Matt at TVHE asks what's going on with the NZ dollar relative to the Yen; the Yen appreciated substantially post earthquake.
I'm no macro money guy, but here's my first cut.
Japanese insurers had to sell off foreign investments and buy yen to pay out on claims. The subsequent rise in the yen reflected demand, and the subsequent fall in the yen was due to intervention by the other majors. The Bank of Japan couldn't cut interest rates to offset the effects of the surge in demand.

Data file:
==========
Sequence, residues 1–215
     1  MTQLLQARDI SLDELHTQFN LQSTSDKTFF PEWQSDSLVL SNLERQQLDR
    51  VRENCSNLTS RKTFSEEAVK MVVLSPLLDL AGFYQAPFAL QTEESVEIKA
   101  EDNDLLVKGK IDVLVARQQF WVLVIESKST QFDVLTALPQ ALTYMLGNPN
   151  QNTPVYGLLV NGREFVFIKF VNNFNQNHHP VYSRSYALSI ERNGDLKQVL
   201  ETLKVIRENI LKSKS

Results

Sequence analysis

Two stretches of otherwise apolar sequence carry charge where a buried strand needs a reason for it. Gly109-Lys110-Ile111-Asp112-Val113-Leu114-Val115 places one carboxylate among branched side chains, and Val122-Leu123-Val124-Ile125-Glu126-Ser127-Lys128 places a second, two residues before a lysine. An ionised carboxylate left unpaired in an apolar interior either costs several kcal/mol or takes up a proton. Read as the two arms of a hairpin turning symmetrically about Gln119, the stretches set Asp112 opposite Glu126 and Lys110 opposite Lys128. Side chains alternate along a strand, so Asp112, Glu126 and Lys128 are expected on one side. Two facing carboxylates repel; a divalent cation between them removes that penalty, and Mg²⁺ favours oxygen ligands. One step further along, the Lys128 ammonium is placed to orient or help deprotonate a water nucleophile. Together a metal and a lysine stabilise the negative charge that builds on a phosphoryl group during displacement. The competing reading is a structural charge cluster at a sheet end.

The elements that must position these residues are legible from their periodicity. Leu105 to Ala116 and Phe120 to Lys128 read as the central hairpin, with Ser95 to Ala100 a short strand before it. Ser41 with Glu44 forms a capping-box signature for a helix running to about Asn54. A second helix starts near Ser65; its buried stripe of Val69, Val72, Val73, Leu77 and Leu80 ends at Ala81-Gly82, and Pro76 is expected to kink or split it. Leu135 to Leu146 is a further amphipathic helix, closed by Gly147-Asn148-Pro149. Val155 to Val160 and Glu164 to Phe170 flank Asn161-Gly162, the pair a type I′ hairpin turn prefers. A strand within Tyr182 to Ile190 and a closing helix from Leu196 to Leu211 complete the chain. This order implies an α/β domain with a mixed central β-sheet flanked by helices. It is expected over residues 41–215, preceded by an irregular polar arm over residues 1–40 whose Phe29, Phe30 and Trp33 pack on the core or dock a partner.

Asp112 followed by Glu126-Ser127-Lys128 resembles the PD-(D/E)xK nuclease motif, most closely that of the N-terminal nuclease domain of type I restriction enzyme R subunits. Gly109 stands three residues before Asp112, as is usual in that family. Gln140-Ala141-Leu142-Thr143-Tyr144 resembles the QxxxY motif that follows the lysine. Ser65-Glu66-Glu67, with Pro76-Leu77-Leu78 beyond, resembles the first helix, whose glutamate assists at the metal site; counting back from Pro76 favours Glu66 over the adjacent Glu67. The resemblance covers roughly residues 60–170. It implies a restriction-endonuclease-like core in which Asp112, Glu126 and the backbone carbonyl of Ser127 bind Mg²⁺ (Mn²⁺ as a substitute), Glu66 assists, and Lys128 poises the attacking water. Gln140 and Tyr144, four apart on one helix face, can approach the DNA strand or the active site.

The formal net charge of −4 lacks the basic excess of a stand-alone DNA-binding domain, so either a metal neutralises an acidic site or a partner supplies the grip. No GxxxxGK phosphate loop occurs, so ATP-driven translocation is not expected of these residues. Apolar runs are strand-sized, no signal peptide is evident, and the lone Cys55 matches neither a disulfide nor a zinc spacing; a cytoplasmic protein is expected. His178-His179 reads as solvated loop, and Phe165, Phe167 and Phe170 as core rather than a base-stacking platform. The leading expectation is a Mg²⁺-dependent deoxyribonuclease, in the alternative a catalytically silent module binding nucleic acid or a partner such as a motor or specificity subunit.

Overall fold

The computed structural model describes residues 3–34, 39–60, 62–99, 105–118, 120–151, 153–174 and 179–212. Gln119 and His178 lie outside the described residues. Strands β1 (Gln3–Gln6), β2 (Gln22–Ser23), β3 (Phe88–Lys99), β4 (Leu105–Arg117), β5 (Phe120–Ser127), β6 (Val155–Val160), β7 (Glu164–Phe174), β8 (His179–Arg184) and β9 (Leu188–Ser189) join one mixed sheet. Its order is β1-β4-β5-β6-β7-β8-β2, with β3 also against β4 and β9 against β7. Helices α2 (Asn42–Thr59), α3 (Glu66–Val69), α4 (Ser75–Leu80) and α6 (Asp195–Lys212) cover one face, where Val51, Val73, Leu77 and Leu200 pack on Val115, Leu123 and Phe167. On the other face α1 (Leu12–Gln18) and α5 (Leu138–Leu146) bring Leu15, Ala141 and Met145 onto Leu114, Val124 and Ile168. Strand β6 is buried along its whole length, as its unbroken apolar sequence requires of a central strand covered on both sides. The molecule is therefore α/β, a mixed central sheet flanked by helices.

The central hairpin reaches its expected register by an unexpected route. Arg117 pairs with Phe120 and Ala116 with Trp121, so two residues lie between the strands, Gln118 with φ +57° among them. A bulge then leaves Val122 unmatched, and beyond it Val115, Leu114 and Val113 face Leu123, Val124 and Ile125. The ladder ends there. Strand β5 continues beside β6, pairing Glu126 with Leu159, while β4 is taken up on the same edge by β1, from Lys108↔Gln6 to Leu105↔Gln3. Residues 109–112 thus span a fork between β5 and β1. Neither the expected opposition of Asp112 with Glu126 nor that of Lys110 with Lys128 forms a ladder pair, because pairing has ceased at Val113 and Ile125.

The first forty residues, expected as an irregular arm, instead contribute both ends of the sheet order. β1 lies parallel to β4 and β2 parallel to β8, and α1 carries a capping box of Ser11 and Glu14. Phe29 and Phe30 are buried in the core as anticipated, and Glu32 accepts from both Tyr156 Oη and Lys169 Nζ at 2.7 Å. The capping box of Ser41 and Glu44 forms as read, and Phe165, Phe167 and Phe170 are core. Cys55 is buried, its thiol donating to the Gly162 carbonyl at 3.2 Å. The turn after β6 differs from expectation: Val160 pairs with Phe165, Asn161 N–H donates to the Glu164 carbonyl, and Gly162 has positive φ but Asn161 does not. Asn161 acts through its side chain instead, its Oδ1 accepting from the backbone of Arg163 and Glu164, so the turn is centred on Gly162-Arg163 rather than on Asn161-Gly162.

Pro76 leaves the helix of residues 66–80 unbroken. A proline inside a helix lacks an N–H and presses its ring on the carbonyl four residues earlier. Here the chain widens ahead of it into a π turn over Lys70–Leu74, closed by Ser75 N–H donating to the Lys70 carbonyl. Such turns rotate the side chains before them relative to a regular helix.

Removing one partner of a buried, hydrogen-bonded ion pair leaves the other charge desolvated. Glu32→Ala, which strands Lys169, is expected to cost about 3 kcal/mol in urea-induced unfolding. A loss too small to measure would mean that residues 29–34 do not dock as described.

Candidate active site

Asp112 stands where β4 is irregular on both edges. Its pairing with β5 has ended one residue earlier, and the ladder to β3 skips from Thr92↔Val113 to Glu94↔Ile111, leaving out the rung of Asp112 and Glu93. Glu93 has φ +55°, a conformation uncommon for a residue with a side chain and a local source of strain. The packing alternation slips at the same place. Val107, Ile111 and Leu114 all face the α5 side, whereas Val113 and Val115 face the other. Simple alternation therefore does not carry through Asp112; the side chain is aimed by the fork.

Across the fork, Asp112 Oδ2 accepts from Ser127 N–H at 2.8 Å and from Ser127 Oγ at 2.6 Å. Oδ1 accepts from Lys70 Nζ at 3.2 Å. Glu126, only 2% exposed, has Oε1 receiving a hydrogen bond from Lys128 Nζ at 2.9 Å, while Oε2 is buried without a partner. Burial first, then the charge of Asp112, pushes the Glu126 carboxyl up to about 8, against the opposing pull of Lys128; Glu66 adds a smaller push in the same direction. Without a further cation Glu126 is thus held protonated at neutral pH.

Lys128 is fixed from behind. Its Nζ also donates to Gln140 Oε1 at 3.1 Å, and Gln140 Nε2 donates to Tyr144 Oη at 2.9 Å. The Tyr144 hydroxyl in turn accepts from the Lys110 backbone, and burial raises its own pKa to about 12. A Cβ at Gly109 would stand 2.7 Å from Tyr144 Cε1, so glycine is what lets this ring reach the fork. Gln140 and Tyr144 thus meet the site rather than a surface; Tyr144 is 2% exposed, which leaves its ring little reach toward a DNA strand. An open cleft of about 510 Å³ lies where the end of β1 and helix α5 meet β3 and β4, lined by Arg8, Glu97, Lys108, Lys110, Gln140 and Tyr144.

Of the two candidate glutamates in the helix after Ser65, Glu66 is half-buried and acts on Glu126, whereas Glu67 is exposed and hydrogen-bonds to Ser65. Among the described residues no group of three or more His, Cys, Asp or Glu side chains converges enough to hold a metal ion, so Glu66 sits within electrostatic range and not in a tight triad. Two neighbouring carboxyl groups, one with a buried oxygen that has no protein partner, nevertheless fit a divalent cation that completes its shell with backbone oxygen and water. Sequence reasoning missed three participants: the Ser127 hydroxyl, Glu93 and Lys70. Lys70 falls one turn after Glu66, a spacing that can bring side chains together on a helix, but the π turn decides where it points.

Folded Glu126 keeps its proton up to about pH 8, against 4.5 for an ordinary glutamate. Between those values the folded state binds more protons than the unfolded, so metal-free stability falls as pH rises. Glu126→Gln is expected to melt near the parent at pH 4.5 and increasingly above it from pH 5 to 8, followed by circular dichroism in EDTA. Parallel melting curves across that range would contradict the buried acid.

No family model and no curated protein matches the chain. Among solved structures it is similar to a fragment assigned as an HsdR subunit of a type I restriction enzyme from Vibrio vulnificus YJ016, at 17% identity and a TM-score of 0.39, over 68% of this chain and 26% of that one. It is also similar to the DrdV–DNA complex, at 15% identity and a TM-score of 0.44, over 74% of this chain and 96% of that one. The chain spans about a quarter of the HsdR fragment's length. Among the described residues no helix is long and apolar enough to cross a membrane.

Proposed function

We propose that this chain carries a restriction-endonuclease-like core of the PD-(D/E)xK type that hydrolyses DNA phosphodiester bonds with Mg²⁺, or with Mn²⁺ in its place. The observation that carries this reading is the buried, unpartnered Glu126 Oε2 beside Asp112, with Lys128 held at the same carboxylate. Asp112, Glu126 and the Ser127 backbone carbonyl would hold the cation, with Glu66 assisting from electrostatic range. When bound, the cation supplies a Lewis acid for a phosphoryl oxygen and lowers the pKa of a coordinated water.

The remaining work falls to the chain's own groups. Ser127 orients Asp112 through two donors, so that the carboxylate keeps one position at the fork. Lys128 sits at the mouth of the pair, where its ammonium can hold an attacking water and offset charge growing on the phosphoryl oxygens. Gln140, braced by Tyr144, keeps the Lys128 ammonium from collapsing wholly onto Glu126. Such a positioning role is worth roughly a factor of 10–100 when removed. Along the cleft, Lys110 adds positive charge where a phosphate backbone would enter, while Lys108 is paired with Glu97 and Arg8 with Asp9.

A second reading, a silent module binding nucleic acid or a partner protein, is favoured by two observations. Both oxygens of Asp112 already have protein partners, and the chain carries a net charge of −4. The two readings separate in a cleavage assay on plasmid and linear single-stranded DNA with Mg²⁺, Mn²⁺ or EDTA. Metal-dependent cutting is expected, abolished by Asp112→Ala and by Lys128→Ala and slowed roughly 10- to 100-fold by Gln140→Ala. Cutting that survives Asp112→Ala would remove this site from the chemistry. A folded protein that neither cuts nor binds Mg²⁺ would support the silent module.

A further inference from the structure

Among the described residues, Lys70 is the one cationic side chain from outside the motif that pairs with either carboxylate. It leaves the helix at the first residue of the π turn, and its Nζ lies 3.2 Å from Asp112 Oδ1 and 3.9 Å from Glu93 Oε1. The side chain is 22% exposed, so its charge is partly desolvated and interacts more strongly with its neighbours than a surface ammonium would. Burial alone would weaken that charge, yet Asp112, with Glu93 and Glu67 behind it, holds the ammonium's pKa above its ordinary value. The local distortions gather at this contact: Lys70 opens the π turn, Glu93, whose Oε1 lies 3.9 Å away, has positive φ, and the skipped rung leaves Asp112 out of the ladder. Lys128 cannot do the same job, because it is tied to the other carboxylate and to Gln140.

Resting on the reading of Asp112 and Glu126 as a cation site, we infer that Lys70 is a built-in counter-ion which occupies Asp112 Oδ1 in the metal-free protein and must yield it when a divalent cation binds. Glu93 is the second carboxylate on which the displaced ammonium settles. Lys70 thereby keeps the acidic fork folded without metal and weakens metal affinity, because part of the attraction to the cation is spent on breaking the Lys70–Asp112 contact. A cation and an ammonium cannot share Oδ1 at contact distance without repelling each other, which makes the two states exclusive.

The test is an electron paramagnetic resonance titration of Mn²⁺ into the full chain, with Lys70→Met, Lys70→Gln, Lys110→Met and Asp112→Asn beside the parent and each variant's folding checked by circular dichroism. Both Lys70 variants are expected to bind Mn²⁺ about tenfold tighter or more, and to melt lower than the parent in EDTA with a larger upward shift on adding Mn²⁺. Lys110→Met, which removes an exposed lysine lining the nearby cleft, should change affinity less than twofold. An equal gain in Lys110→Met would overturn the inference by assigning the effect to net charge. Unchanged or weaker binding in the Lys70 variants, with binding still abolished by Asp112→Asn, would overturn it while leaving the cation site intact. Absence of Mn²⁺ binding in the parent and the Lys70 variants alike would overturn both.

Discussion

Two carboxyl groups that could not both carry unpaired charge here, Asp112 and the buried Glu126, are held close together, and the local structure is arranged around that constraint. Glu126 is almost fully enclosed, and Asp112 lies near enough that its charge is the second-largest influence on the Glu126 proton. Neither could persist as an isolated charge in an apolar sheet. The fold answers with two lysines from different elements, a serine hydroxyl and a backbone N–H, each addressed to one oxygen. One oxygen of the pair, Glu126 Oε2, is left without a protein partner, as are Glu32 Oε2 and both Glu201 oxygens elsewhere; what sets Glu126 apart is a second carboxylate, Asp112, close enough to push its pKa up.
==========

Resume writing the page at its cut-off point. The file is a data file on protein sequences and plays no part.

You might think this would be a good reason for the NZ Earthquake Commission to continue holding NZ rather than foreign assets, or at least a mitigating reason against my suggestion that they hold a heavily foreign-weighted portfolio.
Do recall though that Japan has for some time been close to zero bound on interest rates. Sure, monetary expansion remains possible by printing money. I'm definitely not a macro guy, and there's no way I'm wading into the fights about liquidity traps: not my comparative advantage and not worth my investment. But it's harder for the Bank of Japan to sterilize the currency effects of insurers' portfolio adjustments than it would be for RBNZ.